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Posted: Jan 09, 2017

How to 3D-print on the nanoscale

(Nanowerk News) Realization of '3D printing' material assembly on the micron or even nanometer scale has posed significant challenges to researchers.
Now, scientists have developed a specialized computer simulation that guides an electron beam to create custom 3D structures. The beam induces a precursor material to deposit in a way that forms complex shapes (ACS Nano, "Simulation guided 3D nanomanufacturing via focused electron beam induced deposition").
This nanoscale 3D printing creates freestanding structures so tiny that bacteria dwarf them.
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A 32-face 3D truncated icosahedron mesh was created to test a simulation’s ability to guide precise construction of complex geometries. Scanning electron microscopy of the product (left) showed excellent agreement with the nanoscale structure that the simulation predicted (right). (© ACS Nano))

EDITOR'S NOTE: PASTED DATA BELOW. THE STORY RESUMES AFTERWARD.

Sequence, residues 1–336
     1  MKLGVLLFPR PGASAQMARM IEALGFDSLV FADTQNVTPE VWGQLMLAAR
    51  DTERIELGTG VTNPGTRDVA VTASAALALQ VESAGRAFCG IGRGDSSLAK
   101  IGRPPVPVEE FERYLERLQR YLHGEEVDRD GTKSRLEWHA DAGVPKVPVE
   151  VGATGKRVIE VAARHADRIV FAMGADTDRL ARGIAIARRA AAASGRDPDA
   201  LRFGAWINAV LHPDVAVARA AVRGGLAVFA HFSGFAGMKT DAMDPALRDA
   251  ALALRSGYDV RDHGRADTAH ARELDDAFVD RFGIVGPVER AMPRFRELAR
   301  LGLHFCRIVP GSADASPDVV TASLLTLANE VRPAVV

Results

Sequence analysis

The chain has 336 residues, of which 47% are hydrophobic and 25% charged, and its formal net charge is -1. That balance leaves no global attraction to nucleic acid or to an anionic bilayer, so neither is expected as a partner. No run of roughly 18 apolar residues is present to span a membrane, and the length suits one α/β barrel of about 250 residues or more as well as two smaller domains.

The new approach, simulation-guided material deposition at the nanoscale, offers a path to synthesize materials with superior mechanical and optical properties. This design approach replaces trial-and-error in nanomanufacturing for materials and structures with superior mechanical and optical properties.
Precision control of nanometer scale 3D fabrication has been a longstanding research goal. Now, researchers have developed a 3D simulation that guides focused electron beam induced deposition (FEBiD) of precursor molecules on a surface and accurately predicts the complex geometries of deposited shapes over the length scale from nanometers to micrometers.
The simulation predicts gas-solid interactions where the electron beam strikes a surface. While FEBiD can direct-write freestanding 3D nanostructures, improved understanding of the dynamic interplay of the scanning electron beam and adsorbed precursor molecules is critical for advancing additive manufacturing of optoelectronics, metamaterials, and more.
The simulations consist of (1) a Monte Carlo simulation to calculate the electron–solid interaction and (2) a continuum simulation to calculate surface adsorption, desorption, diffusion, and deposition of precursor molecules.
The merged simulation can guide the electron beam to produce complex lattices and meshes sized between 10 nanometers and 1 micron.
Source: Department of Energy, Office of Science
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